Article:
Foodie fave brings lessons to school
Edible schoolyards are growing in schools in San Francisco, New Orleans and Greensboro, North Carolina. They are the brainchild of Alice Waters, famed chef and owner of Berkeley's Chez Panisse.Posted — Updated
The "edible schoolyard" is the brainchild of Alice Waters, famed chef and owner of Berkeley's Chez Panisse.
Waters, a pioneer in the organic movement, conceived the garden in 1994 as a way to improve on school lunch programs.
"This is a delicious revolution that we're talking about," she said.
"This isn't hard to do. All of the ideas that I have had about food have proven to be true. That if they grow it, they cook it, they want to eat it," Waters continued.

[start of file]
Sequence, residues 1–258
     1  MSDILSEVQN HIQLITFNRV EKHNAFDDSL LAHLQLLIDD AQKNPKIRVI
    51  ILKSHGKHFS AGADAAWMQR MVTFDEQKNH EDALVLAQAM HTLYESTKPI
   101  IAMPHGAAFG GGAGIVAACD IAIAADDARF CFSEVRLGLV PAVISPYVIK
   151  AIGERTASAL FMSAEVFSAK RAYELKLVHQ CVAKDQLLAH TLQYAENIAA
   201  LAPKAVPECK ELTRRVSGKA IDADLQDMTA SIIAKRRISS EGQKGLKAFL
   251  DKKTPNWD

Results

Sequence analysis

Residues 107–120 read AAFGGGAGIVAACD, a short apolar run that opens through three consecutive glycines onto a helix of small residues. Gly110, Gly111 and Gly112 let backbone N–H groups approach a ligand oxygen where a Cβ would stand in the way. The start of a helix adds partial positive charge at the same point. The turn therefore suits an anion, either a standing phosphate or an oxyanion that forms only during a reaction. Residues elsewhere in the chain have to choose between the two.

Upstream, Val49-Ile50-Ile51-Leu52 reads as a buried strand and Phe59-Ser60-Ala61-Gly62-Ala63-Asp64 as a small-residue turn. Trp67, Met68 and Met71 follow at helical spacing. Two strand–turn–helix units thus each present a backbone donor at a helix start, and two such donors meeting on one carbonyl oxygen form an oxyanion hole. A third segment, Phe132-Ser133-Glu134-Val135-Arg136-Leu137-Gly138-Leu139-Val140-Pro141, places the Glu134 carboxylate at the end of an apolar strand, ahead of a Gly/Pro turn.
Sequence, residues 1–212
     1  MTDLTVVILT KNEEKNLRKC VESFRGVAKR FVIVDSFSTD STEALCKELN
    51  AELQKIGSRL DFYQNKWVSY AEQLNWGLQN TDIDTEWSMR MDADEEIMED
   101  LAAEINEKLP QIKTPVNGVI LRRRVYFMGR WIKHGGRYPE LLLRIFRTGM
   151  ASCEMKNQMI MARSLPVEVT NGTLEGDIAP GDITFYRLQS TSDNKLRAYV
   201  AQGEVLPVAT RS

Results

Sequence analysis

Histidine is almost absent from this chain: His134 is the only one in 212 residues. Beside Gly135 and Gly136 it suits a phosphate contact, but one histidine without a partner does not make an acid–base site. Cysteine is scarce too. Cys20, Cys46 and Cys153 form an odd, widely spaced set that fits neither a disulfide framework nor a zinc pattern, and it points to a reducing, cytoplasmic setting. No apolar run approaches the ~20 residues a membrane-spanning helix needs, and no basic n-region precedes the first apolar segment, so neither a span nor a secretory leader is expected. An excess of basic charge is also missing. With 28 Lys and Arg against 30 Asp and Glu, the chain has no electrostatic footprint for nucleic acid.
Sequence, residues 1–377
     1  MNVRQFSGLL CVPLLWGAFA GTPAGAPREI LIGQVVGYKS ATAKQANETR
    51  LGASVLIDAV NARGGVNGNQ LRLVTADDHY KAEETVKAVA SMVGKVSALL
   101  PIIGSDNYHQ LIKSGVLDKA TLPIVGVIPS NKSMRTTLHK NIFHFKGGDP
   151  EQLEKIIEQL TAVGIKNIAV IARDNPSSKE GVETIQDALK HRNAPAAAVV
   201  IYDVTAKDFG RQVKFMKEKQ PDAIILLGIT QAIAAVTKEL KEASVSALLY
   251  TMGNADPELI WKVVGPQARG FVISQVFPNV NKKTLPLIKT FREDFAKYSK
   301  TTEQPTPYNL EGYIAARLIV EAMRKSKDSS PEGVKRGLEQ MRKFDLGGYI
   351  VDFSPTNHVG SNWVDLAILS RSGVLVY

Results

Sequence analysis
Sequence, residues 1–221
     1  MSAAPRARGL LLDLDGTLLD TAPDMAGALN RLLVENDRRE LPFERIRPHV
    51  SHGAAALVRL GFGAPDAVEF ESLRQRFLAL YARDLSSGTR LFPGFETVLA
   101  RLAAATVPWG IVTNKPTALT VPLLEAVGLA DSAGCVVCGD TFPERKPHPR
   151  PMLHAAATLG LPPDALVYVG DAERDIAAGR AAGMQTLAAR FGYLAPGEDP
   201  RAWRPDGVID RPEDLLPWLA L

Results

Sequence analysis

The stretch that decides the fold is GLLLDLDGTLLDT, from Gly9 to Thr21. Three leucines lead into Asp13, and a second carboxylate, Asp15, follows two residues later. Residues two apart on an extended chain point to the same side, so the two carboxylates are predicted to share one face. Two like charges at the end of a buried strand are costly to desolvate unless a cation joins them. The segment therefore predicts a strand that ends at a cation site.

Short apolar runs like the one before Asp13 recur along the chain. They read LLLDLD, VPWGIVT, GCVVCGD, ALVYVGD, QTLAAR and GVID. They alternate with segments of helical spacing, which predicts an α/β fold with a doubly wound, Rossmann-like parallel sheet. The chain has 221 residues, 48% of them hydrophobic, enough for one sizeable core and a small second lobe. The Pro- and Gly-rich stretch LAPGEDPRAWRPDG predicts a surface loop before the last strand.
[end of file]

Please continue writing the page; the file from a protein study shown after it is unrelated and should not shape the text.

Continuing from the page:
Sixth graders at Martin Luther King Middle School spend their first period planting, harvesting and eating organic delights.
The garden and its adjacent kitchen provide plenty of learning opportunities.
"Teachers use every little drop of water or dew and every plant and every bed to to teach," said Fritjof Capra, of the Center for Eco-Literacy.
Wet plants yield lessons on the water cycle and condensation.
"It completes a circle for a lot of students who don't know the least little thing about nature and farming, and they get to see that whole cycle," teacher Esther Cook said.
"I think it's almost a sign of the times that we have a program like this to teach things that are so basic that people used to learn at home with their own families," she said.
"The kids have been captivated by this experience, and they don't think that this is school," Waters said. "Yet we know what they're learning, and it's very, very fundamental, important information."
Edible schoolyards are growing in schools in San Francisco, New Orleans and Greensboro.
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